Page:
“Alain Aeschlimann, head of the ICRC’s operations for Asia Pacific in Geneva, said their main concern is to ensure that they continue to be unharmed and that they are let go, without any conditions, as quickly as possible.” —Malaya (01/20/09, Reyes, V)

There is increasing clamor to step up the search. Conflicting rumors heighten the anxiety and feeling of helplessness of hostages’ relatives. With no progress in finding the missing workers, the US Embassy in Manila has offered help to the Philippine authorities. If mishandled, this crisis can quickly degenerate into another round of ransom-giving, then body injuries, and even deaths. Unintended results bring back the old questions on the competence and integrity of the military authorities in solving this kind of dilemma. (Photo Credit: AFP/ ICRC file; Charles Saceda) =0=


Israeli air strikes leave 200+ dead in Gaza Strip

December 27, 2008

As Pope Benedict XVI calls for renunciation of violence during the holy season of Christmas, Israelis and Palestinians are on a bloody confrontation again in the Gaza Strip leaving at least 200 dead and injuring about 400 more. This is the result of heavy air strikes conducted by Israeli troops against militant Palestinian targets in Hamas-dominated territory a week after a 6-month ceasefire truce expired.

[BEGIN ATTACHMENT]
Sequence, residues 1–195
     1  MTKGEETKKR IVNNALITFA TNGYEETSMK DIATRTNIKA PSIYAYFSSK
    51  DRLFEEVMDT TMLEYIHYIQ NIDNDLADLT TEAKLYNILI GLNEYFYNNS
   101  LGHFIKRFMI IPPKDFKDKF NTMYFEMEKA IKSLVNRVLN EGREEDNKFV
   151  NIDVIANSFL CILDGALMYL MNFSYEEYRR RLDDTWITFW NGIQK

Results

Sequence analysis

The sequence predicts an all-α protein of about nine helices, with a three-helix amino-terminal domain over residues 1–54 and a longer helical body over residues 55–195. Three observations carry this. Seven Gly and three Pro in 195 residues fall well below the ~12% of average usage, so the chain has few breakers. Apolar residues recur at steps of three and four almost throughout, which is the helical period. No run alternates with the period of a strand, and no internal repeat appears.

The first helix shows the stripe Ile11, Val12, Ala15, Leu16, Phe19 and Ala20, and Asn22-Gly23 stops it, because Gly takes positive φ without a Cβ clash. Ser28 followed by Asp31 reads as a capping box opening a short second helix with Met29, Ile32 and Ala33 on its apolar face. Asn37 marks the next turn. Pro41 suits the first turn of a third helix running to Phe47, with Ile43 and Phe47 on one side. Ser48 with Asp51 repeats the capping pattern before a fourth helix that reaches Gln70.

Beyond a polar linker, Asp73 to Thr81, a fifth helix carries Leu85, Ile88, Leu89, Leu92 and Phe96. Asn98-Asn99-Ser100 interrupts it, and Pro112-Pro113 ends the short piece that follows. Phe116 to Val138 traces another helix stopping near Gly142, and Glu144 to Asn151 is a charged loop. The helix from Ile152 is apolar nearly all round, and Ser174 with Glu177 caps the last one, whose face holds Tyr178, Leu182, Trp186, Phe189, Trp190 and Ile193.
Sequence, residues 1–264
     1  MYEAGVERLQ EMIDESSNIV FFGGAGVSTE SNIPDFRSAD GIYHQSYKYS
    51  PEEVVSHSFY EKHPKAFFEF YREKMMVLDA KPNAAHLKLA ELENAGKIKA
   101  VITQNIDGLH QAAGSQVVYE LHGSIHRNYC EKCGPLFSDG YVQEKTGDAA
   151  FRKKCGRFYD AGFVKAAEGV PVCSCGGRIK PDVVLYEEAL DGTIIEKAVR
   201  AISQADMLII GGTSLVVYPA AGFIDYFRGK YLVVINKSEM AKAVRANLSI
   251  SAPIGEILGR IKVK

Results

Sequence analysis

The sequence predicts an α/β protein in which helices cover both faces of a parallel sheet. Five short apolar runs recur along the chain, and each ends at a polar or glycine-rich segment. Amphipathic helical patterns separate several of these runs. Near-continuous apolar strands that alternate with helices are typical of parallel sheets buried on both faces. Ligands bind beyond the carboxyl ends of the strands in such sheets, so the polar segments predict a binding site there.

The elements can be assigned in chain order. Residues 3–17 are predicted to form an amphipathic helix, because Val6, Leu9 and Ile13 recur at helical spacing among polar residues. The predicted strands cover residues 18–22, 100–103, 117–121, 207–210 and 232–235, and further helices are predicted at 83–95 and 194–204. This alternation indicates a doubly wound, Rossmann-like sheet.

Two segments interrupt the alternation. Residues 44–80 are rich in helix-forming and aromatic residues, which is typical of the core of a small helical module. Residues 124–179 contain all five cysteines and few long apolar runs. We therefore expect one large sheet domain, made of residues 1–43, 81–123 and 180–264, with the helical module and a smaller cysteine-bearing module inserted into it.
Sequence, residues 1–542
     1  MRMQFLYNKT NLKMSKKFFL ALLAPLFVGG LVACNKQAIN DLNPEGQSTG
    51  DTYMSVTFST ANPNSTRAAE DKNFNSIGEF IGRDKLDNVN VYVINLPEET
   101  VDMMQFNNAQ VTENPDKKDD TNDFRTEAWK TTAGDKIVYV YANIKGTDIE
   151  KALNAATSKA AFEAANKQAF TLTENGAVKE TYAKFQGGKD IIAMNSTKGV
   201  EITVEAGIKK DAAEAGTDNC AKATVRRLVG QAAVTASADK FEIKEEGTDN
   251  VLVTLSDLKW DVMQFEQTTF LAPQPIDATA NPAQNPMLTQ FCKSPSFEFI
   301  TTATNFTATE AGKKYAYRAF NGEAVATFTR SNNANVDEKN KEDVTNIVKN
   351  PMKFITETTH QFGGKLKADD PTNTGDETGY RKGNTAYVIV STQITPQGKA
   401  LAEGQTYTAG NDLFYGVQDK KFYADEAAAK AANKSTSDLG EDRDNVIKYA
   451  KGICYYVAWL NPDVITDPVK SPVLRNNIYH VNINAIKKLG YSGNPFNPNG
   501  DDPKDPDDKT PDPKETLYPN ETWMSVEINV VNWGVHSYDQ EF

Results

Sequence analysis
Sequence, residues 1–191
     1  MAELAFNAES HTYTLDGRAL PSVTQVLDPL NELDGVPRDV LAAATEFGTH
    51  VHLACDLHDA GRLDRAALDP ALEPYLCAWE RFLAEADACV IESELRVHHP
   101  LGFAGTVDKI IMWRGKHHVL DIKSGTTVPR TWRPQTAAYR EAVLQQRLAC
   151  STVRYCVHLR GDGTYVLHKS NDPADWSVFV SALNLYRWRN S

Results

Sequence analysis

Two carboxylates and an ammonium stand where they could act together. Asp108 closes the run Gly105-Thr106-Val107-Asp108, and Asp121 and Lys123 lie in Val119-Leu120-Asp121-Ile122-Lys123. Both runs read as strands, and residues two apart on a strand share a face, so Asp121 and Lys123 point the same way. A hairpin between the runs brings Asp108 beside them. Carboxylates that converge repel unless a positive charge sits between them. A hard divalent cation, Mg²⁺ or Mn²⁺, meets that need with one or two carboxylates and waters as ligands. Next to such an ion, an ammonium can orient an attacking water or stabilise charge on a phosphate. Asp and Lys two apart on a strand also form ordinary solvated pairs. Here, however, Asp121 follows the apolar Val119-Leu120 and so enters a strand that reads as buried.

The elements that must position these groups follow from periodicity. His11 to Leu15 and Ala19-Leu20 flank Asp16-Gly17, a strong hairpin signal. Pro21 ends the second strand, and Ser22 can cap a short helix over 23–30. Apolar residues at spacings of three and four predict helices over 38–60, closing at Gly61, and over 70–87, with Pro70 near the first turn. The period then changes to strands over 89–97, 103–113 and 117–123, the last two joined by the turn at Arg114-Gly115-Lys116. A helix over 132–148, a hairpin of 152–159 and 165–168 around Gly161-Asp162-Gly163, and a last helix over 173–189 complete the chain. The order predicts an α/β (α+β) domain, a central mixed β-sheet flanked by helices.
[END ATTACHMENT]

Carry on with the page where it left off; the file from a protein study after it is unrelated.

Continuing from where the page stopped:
The resumption of bombings and killings on Saturday, December 27, 2008, is supposed to be Israel’s retaliation to months of Hamas’ mortar fires and indiscriminate rocket launches which terrorize about ¼ million Israelis who live in the area.

Hamas infrastructures and installations had been destroyed and many security officers were killed or hurt. Gaza residents had been on the state of panic as the death toll rose and the wounded victims flooded hospitals and clinics.

“The offensive sparked angry protests throughout the Arab world, and British Prime Minister Gordon Brown, the Vatican, the U.N. secretary-general and special Mideast envoy Tony Blair all called for an immediate restoration of calm. The Arab League scheduled an emergency meeting Sunday to discuss the situation.”—; AP (12/28/08 Barzak, Brahim)

Hamas, the radical group considered by Israel as a terrorist organization, called for revenge, but Isreali military authorities had been firm in their stance. In spite of the call for calm, Israeli Defense Minister Ehud Barak vowed to widen the military offensive if needed. Israel did not set a time-line on when the air strikes would end.